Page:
Man Faces Criminal Charges for Snooping through Wife’s E-Mails

An interesting story drew a lot of attention from family law attorneys and American’s across the nation last week. A Michigan state law used against internet hackers intending to steal trade secrets and identities is now being used against a man who went through his estranged wife’s e-mails. The man now faces felony charges for computer misuse. But is this statute applicable to the man’s case?

Divorce can be a difficult time for many, causing added stress and worries. The 33-year-old man from Michigan and his wife were in the process of a divorce, and he suspected that his wife was having an affair with a former husband. His suspicions were concerning because he believed his wife was seeing her second husband who had been arrested before for beating the woman in front of her young son. The man feared for the safety of his step-son and his own child.

He explained, “I was doing what I had to do.” The man logged into his wife’s e-mail account using a shared computer in their home that they were both living in. He claims that his wife kept her passwords next to the computer, and he has no choice but to read through her e-mails. His suspicions were confirmed.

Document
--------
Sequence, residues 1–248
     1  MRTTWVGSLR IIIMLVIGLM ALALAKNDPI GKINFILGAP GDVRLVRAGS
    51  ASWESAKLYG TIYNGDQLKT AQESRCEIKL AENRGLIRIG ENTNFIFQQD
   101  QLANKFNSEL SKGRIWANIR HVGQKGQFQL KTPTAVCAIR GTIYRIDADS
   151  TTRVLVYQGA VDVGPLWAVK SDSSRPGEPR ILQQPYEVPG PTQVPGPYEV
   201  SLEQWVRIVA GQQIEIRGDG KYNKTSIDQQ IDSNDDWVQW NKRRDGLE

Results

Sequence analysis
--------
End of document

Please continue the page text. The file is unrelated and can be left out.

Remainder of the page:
After finding evidence in the e-mails that the woman was having an affair with her second ex-husband, the man gave the e-mails to the woman’s first ex-husband. The woman’s first ex-husband was the father of the child who witnessed the beating. The man immediately filed an emergency motion to obtain custody of the child.

When the woman learned that her third husband accessed her e-mails without her permission last March, she filed charges against him. The couple’s divorce was later finalized in December.

Although many are questioning the validity of the Internet law being applied in this case, charges have not been dropped against the man. Prosecutors claim that the man broke state privacy laws.

If the Michigan man is convicted of hacking into his former wife’s e-mail account, he could be sentenced up to five years in prison. Divorce attorneys across the nation will be interested in the outcome of the Feb. 7 trial. According to an electronic privacy expert, about 45 percent of divorce cases involve spouses snooping through each other’s e-mails, Facebook and other online accounts. If the man is convicted of the crime, the court system could be opening a floodgate for similar cases.

Leave a Reply

Your email address will not be published. Required fields are marked *